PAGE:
National Achievement Test Articles

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National Achievement Test Articles

By | Jan. 2013
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EFFECTS OF EMOTIONAL INTELLIGENE ON STUDENTS PERFORMANCE ON NATL ACHIEVEMENT TEST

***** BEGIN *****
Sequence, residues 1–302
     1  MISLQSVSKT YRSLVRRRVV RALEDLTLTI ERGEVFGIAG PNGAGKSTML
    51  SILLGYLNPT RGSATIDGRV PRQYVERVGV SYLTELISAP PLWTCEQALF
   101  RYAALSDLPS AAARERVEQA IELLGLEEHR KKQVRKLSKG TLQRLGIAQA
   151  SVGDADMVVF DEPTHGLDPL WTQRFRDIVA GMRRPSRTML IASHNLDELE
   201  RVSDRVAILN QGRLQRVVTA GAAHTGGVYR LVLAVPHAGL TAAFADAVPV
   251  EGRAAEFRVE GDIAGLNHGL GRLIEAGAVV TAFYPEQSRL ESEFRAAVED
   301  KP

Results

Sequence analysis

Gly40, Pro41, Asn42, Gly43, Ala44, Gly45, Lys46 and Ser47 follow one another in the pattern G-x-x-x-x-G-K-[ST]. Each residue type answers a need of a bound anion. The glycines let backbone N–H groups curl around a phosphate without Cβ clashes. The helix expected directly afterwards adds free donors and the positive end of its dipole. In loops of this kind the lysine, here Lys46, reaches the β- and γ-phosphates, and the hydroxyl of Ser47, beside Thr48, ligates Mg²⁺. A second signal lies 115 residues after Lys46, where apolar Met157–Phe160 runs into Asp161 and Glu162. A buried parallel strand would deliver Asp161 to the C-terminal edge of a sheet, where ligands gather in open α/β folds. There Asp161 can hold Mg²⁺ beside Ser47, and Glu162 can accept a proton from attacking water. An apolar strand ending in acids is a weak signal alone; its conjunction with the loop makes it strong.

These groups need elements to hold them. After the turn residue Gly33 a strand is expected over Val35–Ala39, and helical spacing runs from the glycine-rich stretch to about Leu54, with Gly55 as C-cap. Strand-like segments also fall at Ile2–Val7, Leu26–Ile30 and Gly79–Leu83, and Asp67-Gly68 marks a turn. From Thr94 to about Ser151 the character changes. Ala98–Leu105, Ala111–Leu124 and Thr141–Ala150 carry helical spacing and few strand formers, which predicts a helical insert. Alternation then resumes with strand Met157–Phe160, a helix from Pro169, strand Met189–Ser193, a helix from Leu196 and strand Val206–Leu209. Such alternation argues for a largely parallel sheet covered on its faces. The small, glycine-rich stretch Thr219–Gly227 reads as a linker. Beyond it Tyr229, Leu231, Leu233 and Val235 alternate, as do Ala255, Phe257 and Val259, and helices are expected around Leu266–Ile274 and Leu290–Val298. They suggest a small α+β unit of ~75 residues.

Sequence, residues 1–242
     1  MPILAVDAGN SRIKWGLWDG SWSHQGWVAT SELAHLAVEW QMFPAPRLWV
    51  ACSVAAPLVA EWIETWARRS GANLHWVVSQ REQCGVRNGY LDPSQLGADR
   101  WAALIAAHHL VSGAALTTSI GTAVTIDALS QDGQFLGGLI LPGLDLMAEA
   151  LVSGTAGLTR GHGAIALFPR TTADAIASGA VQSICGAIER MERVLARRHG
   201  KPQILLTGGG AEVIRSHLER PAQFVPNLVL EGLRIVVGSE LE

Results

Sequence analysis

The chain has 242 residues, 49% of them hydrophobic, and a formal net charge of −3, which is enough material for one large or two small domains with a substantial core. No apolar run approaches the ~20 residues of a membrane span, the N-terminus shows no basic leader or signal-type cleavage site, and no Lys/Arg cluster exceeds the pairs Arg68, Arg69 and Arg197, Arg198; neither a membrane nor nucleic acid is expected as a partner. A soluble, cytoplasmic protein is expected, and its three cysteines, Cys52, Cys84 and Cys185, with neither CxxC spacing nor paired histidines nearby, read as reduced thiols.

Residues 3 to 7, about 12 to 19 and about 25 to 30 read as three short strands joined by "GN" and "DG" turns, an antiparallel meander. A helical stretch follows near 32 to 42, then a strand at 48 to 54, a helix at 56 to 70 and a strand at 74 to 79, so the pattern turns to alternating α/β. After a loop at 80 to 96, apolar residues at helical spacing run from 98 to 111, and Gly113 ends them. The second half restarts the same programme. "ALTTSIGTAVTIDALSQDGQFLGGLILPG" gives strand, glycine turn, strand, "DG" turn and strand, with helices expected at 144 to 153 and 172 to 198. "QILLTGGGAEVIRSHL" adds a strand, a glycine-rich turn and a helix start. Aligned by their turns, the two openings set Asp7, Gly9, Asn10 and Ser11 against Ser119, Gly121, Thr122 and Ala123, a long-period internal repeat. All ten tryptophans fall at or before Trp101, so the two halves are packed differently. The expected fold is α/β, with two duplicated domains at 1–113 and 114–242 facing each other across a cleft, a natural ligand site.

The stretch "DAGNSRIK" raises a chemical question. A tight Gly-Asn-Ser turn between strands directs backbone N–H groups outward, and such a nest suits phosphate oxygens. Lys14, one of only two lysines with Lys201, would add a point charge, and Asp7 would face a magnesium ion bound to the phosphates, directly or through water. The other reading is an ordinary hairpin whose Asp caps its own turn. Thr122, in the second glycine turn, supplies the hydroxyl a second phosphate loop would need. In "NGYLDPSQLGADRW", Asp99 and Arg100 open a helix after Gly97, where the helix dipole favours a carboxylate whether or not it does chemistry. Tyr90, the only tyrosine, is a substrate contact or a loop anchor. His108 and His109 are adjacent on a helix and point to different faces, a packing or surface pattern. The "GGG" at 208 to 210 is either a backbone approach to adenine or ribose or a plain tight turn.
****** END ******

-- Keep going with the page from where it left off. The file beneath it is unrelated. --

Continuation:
In the beginning, psychologists focused on cognitive constructs like memory and problem solving in their first attempt to write on intelligence. This did not last when researchers begun to challenge this orientation and recognized that there are other non-cognitive aspects of intelligence. For instance, Robert Thorndike wrote about social intelligence in 1937. And as early as 1943, Wechsler,D. (1943) proposed that the non-intellective abilities are essential for predicting one‟s ability to succeed in life. Goleman (1995) gave a short of answer when he asserted that success depends on several intelligences and on the control of emotion .Specifically, he stressed that intelligence (IQ) alone is no more the measure of success. According to him intelligent account for only 20% of the total success, and the rest goes for Emotional and Social intelligences. Abisamra (2000) then queried that if this is found to be so, why the teachers don‟t begin to teach its components (i.e.., emotional intelligence) to students at schools? He then concluded that if emotional intelligence affects student achievement, then it is imperative for schools to integrate it in their curricula and thereby raising the level of students‟ success. According to Salovey and Mayer (1990), Emotional Intelligence is being able to monitor one‟s own and other‟s feelings and emotions, to discriminate among them, and to use this to guide one‟s thinking and actions. Again, Salovey and Mayer (1993) wrote that an emotionally intelligent person is skilled in four areas: identifying, using, understanding, and regulating emotions. Similarly, Goleman also stressed that emotional intelligence consists of five components: Knowing one‟s emotions (self-awareness), managing them, motivating self, recognizing emotions in others (empathy), and handling relationships. Achievement outcomes have been regarded as a function...

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